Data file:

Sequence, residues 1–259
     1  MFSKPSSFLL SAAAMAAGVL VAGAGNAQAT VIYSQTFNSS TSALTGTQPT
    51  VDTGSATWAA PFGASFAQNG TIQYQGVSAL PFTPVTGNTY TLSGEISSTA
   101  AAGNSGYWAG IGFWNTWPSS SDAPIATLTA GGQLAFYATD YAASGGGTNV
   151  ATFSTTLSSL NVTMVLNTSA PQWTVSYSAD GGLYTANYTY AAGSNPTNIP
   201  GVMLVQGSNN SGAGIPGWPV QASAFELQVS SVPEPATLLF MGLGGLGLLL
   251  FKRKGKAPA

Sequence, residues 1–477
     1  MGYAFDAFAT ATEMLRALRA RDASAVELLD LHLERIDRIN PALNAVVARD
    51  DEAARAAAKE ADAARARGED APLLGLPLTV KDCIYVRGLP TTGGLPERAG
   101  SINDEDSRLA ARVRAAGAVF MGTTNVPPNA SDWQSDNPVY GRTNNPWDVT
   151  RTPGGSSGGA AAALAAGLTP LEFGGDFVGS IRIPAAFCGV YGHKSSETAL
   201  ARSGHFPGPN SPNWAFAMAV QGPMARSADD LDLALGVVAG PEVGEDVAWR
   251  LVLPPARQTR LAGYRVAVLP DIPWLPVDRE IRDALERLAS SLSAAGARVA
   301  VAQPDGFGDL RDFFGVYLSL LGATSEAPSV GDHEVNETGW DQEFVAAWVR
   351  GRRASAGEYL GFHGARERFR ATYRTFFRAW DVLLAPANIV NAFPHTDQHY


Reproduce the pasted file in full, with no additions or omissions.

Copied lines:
Sequence, residues 1–259
     1  MFSKPSSFLL SAAAMAAGVL VAGAGNAQAT VIYSQTFNSS TSALTGTQPT
    51  VDTGSATWAA PFGASFAQNG TIQYQGVSAL PFTPVTGNTY TLSGEISSTA
   101  AAGNSGYWAG IGFWNTWPSS SDAPIATLTA GGQLAFYATD YAASGGGTNV
   151  ATFSTTLSSL NVTMVLNTSA PQWTVSYSAD GGLYTANYTY AAGSNPTNIP
   201  GVMLVQGSNN SGAGIPGWPV QASAFELQVS SVPEPATLLF MGLGGLGLLL
   251  FKRKGKAPA

Sequence, residues 1–477
     1  MGYAFDAFAT ATEMLRALRA RDASAVELLD LHLERIDRIN PALNAVVARD
    51  DEAARAAAKE ADAARARGED APLLGLPLTV KDCIYVRGLP TTGGLPERAG
   101  SINDEDSRLA ARVRAAGAVF MGTTNVPPNA SDWQSDNPVY GRTNNPWDVT
   151  RTPGGSSGGA AAALAAGLTP LEFGGDFVGS IRIPAAFCGV YGHKSSETAL
   201  ARSGHFPGPN SPNWAFAMAV QGPMARSADD LDLALGVVAG PEVGEDVAWR
   251  LVLPPARQTR LAGYRVAVLP DIPWLPVDRE IRDALERLAS SLSAAGARVA
   301  VAQPDGFGDL RDFFGVYLSL LGATSEAPSV GDHEVNETGW DQEFVAAWVR
   351  GRRASAGEYL GFHGARERFR ATYRTFFRAW DVLLAPANIV NAFPHTDQHY